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From Wikipedia, the free encyclopedia

For other uses, see Freezing (disambiguation).

Freezing or solidification is a phase change in which a liquid turns into a
solid when its temperature is lowered below its freezing point. The reverse
process is melting.
\All known liquids, except liquid helium, freeze when the temperature is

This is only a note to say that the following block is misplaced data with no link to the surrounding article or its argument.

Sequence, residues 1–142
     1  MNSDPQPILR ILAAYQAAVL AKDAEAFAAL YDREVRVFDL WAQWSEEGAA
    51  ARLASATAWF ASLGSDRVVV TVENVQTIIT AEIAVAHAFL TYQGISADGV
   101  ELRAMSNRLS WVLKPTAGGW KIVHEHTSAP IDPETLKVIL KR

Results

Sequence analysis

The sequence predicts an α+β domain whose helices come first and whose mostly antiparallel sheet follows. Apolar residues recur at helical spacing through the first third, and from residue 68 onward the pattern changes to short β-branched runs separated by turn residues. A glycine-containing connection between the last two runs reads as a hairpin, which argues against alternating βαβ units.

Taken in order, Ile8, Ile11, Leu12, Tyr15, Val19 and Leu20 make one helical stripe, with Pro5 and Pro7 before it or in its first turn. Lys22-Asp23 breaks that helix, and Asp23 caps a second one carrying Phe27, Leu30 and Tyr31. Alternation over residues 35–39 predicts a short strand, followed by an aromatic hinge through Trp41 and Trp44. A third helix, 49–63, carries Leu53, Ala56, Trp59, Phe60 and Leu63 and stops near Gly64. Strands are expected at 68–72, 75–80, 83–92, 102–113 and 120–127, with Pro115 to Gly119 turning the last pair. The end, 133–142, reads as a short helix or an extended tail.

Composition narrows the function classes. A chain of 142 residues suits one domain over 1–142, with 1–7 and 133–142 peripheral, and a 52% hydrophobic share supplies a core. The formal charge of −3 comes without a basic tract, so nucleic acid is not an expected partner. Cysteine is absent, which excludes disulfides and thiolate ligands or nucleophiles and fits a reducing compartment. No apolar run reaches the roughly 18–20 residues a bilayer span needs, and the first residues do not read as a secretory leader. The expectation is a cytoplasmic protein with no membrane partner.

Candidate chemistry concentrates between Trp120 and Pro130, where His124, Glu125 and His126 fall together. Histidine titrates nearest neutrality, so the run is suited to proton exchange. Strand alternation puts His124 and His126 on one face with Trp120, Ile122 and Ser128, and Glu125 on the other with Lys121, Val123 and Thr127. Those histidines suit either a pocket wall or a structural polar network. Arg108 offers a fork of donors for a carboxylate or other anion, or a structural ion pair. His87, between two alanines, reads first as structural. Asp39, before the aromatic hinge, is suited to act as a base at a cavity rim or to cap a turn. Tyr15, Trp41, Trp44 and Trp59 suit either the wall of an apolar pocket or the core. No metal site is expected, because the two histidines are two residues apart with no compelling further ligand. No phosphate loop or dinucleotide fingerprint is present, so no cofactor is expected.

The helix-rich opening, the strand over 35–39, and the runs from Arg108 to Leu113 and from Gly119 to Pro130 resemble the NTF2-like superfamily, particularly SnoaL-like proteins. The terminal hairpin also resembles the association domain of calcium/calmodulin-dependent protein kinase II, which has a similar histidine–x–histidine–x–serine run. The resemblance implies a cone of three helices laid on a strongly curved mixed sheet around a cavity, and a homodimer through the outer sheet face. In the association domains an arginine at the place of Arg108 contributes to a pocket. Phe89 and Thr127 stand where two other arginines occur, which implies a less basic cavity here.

lowered enough. Liquid helium remains liquid at atmospheric pressure
even at absolute zero, and can be solidified only under pressure.[1] For
most substances, the melting and freezing points are the same
temperature; however, certain substances possess differing solid-liquid
transition temperatures. For example, agar displays a hysteresis in its
melting and freezing temperatures. It melts at 85 °C (185 °F) and solidifies
from 31 °C to 40 °C (89.6 °F to 104 °F).